Who Knew That Elephants Know Sign Language?

One of the highlights of the Bilit Village Homestay was our encounter with Pygmy Elephants.   The first day in Bilit, we heard them bellowing during our river cruise.  We waited by a popular crossing spot for elephants, but didn’t see them.  Our guide and another guide made very loud elephant calls into the top of plastic water bottles, which they thought were hilarious but the Europeans in the other boat didn’t like so much.

On our last river cruise the next day, we heard them again.   It sounded as if they were getting closer, so Lim got out of the boat to  take a look.   He found them, but said that we  should move to a different spot to see them better.  When we got to the different spot, it was just us and one other group.  The other guide was at the top of the river bank (about 10-15 feet above us).  Lim said he would go up and take a look.  He asked Shawnee to give him her camera, so he could take a picture for her.  Being the genius she is, she said, “I don’t want a picture of something I haven’t seen” and refused.  This was great because it forced Lim to let us come up and look.

After Lim and the other guide checked it out, Lim motioned for us to climb up.  Because there were only two of us, we could climb up quick and Lim didn’t have to worry about herding a large group around.  The guides were very hesitant to let the guests out of the boat.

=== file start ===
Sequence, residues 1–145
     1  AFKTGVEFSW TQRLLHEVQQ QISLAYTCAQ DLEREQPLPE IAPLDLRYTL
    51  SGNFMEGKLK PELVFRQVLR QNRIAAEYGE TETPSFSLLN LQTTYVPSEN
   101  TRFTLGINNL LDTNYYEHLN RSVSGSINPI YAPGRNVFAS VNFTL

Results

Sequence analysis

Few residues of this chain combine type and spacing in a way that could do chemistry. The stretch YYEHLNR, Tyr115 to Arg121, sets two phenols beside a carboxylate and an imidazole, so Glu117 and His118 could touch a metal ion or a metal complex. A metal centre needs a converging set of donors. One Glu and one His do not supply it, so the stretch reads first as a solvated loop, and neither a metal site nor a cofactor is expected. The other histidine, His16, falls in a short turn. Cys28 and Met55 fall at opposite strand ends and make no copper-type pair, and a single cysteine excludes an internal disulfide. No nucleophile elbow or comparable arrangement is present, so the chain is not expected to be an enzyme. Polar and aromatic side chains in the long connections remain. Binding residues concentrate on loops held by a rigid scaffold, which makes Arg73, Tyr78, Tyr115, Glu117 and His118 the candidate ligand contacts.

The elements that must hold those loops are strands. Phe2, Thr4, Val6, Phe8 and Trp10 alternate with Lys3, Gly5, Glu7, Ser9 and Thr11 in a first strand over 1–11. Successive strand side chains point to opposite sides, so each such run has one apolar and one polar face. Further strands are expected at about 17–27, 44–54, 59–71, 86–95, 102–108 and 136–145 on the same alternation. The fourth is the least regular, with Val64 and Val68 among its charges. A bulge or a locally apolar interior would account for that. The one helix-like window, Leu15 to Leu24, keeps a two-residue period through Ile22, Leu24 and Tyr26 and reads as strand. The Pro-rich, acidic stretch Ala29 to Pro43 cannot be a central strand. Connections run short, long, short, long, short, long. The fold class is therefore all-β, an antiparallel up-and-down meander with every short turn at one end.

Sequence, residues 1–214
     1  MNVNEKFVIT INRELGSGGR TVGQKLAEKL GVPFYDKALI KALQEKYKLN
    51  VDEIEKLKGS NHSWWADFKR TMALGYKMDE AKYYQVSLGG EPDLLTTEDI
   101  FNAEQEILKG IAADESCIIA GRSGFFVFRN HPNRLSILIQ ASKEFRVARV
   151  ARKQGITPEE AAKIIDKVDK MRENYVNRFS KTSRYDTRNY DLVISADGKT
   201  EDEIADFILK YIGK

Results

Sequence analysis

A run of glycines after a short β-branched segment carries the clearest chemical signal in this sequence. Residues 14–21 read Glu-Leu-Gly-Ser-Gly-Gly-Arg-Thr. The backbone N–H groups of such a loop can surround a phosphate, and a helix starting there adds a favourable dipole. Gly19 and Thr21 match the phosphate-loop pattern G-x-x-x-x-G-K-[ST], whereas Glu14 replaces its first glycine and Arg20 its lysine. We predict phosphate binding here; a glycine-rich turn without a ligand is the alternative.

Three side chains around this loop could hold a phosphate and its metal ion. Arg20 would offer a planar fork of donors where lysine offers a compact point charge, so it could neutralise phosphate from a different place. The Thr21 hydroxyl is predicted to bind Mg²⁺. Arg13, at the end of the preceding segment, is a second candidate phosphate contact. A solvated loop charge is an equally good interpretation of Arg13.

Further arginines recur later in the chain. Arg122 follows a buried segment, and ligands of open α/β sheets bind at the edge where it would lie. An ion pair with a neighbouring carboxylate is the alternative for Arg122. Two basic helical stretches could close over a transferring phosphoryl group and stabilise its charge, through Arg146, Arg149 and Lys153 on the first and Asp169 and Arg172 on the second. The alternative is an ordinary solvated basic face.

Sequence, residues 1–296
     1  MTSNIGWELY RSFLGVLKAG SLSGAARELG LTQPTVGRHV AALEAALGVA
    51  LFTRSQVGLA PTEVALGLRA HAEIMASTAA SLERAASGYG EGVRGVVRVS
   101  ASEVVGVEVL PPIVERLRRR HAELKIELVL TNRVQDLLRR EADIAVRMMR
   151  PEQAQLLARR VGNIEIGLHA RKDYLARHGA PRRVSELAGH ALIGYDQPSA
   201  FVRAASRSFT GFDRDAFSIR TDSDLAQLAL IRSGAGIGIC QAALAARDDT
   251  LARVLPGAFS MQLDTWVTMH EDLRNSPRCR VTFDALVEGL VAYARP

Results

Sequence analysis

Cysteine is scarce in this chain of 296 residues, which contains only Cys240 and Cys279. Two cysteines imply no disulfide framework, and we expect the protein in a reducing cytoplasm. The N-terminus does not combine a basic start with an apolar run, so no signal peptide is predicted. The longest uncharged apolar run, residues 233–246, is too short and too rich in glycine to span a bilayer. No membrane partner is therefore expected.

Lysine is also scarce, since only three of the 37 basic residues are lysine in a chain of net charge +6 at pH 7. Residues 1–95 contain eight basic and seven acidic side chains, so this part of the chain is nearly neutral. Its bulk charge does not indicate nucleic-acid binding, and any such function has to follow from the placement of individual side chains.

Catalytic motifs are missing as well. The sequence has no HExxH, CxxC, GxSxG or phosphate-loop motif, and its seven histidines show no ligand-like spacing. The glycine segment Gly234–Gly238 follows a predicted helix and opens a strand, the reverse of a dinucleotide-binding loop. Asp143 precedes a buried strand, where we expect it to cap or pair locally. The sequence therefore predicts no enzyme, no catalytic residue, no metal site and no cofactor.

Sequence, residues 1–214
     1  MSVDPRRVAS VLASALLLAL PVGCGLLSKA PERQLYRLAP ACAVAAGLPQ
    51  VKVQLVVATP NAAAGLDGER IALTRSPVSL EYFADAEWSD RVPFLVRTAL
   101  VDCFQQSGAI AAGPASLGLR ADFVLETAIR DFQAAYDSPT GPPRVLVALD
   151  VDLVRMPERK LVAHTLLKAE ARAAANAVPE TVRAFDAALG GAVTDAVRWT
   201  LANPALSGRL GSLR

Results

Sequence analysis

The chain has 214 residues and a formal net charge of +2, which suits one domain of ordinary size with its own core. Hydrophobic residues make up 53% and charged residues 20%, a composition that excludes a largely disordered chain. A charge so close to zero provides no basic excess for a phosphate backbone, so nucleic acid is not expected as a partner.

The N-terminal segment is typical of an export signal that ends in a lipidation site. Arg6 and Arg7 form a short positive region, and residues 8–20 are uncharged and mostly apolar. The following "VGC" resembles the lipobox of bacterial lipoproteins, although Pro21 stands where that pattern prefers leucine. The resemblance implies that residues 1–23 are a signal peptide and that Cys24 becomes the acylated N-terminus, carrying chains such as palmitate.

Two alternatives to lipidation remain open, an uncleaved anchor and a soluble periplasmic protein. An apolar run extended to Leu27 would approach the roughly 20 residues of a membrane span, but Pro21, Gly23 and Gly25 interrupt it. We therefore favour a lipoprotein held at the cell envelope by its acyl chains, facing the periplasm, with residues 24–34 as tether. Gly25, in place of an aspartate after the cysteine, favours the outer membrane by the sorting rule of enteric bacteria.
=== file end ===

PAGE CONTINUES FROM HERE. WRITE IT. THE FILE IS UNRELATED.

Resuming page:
Shawnee climbed up first, and I was right behind her.  The guides had us stay on the river bank, but at a place where we could see over the top.  The guides stood on the ground above the bank.

When we got to the ridge, we saw three pygmy elephants about 15 yards away.  One of them was a baby and it was surrounded by the other two for protection.  It was amazing.  Seeing the animals in nature as opposed to the zoo was a totally different experience (for the other animals as well).  They don’t manically pace around, like some animals in the zoo do.

 

The mother elephant was putting mud on its back with its trunk to cool off. She started to move toward us, but then the guides extended one hand straight ahead like a traffic cop.  The elephants stopped immediately.

We stood there for at least 5 minutes watching the elephants.  Shawnee got some great video of them on her camera, but mainly we just stood and watched.

Sahran decided that he wanted to come up and take a look.  While the guests carefully walked up the bank, he just climbed straight up.  Then he went to climb over the ridge, but needed some help because his path was blocked by tourists.  So as he tried to climb up, I grabbed him by his armpits and hoisted him up.  When he got to the top, he dusted himself off and then reached his hand down to pull me up.  I grabbed on and shot up to the top.  At this point, I was the only non-guide standing above the river bank.  It was amazing because I felt so close and exposed to the elephants.  Shawnee joined me up there in a couple of minutes.

As we returned to the boat, we were all buzzing about what we saw.  Then it was high-fives all around and back to the homestay for another delicious meal.

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